Issue Date: May 19, 2008
Fighting HIV With Multivalent Gold Nanoparticles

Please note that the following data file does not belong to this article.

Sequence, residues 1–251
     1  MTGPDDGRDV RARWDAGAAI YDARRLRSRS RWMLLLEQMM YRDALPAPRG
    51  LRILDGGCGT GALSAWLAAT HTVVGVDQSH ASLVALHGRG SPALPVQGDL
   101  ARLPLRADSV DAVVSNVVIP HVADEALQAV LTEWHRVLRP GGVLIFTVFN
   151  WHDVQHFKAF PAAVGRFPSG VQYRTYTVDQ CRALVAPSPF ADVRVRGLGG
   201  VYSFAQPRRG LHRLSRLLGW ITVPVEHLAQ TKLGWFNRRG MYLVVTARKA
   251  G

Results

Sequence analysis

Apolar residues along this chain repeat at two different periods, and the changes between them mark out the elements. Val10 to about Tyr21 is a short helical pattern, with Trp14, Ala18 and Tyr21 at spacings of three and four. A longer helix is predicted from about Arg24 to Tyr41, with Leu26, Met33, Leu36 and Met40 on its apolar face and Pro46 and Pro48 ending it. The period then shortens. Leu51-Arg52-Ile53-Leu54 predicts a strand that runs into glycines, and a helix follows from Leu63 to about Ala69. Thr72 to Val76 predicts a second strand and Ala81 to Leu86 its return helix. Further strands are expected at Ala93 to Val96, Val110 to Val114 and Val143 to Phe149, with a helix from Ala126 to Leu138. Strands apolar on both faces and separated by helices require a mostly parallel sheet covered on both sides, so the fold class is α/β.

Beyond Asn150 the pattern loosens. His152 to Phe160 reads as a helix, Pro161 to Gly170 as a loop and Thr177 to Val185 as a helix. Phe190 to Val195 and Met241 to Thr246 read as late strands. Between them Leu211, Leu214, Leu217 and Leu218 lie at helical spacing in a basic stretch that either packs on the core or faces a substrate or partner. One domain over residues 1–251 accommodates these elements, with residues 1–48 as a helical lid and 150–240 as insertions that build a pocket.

A therapeutically inactive small molecule has been transformed into a potent drug for fighting HIV simply by conjugating the compound to a gold nanoparticle (J. Am. Chem. Soc., DOI: 10.1021/ja710321g). A team led by Daniel L. Feldheim of the University of Colorado, Boulder; David M. Margolis of the University of North Carolina, Chapel Hill; and Christian Melander of North Carolina State University developed the strategy in which several copies of a compound that binds only weakly to a target are attached to a nanoparticle to create a multivalent agent that binds strongly. These nanoparticle-small-molecule conjugates, which are the size of proteins, provide multiple contact points for a biological receptor, thereby creating a strong interaction. The receptor in this case is CCR5, which HIV hijacks to gain entry to a cell. The researchers took SDC-1721, a compound that binds only weakly to CCR5, and attached 12 copies of the molecule to a 2-nm gold particle. On their own neither SDC-1721 nor the gold nanoparticles are able to keep HIV from infecting cells, but the SDC-1721-nanoparticle conjugate inhibits HIV replication at a concentration of just 10 nM.
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